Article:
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My Experience with Lyft


By SFace   Follow   Mon, 19 Nov 2012, 7:53am PST   5,790 views   38 comments
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So me and my wife decided to try Lyft after a dinner night out at Mission District. (impossible to park)

We loaded the the lyft app previously, posted the the address and time and within 1 mins, two cars were spotted to be available. One was a Lexus driven by a mid 20's guy with his picture (with great reviews). We thought he was going to USF to pay for his 50K tuition. We acceped and looked for the pink mustache and the car. The GPS tracked where the car was so there was no doubt it was coming. Greeted with a fist pump, yes it is us.

As it turns out, he was a USF student paying crazy tuition, long chat short, our suggsted donation was $12, we paid $15 for what would be normally a $20 cab ride before tips. The suggested donation is probabaly work around the car for hire rule legally.

This is application of modern technology. I'm not sure why medallion cabs can't do the same thing but here was a case where application of technology works and I would likely reuse. The experience is off the charts and we felt comfortable. Also, I rather support a college kid then the semi cab fraternity.

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EBGuy   Mon, 19 Nov 2012, 8:44am PST   Share   Quote   Permalink   Like   Dislike     Comment 1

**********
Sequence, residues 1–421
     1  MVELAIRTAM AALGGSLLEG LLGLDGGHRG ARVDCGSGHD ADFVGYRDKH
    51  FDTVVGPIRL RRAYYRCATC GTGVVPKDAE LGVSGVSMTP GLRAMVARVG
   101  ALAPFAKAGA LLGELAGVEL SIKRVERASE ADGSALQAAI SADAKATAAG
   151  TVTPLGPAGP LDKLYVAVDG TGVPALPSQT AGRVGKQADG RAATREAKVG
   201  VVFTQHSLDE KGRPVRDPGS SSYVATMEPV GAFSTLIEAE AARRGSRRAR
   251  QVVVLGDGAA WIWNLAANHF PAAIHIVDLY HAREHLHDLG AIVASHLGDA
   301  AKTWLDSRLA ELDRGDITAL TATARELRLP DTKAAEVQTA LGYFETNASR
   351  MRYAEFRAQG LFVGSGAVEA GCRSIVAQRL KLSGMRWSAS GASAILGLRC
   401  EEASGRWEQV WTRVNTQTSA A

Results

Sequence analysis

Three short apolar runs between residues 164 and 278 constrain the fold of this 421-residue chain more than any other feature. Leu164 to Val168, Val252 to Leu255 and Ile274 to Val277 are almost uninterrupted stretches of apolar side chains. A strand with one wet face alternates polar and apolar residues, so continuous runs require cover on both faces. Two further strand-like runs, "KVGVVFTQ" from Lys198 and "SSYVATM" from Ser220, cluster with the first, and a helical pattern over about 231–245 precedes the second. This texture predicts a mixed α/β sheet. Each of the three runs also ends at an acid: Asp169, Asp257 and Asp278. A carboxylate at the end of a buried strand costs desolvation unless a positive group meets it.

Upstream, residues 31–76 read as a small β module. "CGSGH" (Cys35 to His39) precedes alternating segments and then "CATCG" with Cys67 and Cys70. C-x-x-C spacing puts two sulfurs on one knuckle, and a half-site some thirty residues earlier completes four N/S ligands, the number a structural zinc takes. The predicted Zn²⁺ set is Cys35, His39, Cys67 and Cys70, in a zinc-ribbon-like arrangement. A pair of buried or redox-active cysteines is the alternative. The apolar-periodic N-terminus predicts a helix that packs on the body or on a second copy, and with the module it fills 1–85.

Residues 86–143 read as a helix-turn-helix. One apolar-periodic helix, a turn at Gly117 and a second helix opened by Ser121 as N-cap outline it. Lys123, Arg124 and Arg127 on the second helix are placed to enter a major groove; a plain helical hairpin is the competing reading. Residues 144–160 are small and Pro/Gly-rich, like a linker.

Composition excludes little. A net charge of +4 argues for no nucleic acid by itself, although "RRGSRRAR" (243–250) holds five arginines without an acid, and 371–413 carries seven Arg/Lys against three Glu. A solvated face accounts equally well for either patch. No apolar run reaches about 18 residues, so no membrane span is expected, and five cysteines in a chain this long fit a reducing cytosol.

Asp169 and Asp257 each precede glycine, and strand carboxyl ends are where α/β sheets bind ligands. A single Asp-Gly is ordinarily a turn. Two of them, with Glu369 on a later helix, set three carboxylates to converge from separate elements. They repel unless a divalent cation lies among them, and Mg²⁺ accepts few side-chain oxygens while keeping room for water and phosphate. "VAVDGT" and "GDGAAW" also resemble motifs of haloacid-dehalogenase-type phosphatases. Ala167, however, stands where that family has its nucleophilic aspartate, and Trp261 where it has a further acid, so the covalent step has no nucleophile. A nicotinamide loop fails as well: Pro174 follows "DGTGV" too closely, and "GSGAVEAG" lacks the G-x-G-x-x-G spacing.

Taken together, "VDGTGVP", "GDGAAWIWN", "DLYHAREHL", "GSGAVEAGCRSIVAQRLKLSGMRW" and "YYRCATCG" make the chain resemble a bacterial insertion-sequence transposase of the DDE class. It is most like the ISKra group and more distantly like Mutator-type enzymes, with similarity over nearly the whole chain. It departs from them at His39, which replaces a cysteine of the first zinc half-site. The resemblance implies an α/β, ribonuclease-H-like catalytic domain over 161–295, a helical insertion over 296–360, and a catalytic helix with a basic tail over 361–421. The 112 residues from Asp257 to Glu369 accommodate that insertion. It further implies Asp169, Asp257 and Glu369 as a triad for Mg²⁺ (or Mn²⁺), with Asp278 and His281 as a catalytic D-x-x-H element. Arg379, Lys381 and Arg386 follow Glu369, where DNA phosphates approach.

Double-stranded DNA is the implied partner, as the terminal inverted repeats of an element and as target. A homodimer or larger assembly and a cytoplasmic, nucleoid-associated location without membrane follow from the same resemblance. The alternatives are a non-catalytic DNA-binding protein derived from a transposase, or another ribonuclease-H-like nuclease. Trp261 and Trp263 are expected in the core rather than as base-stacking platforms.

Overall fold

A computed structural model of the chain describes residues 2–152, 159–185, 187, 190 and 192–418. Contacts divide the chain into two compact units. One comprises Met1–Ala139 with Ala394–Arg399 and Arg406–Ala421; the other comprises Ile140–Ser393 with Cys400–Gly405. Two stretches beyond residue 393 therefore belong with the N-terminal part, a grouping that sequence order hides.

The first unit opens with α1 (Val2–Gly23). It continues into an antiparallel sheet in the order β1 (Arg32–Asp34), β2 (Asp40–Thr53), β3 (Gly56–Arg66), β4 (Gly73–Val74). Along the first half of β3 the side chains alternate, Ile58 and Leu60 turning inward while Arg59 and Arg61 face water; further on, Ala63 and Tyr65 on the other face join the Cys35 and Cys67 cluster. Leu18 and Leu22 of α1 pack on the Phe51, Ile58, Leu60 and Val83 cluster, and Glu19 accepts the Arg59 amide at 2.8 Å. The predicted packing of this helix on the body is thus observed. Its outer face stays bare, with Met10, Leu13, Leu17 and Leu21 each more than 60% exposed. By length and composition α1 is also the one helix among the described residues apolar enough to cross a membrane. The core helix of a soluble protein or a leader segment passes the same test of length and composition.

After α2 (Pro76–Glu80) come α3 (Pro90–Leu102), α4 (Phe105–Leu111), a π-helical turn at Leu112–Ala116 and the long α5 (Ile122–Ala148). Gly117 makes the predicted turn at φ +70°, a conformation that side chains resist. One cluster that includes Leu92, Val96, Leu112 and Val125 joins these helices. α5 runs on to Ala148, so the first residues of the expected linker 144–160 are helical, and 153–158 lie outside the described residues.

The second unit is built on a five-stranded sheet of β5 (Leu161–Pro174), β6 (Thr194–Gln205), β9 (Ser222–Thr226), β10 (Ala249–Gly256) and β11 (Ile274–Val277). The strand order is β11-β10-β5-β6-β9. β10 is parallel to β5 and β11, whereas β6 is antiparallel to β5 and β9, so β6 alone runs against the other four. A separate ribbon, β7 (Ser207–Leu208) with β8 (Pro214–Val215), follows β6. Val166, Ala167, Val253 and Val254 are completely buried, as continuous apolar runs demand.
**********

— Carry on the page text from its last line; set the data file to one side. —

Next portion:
We've briefly discussed Lyft before on Pat.net. For those who need to get up to speed on what SFace is talking about:
The state Public Utilities Commission last week fined each of the companies $20,000, saying they are operating illegally and in violation of previously issued "cease-and-desist" orders. The PUC says the ride services haven't obtained the proper permits to run their businesses, which give consumers the power to quickly arrange rides "on demand" through apps on their smartphones. Uber, SideCar and Zimride's mobile app service, called Lyft, are appealing the fines and vow to continue operating.

SFace, thanks for posting your first hand account.

Patrick   Mon, 19 Nov 2012, 8:54am PST   Share   Quote   Permalink   Like (6)   Dislike     Comment 2

BTW, their website is http://lyft.me/ (Not .com.)

The fines are clearly an example of "regulatory capture", where laws are used to prevent free-market competition.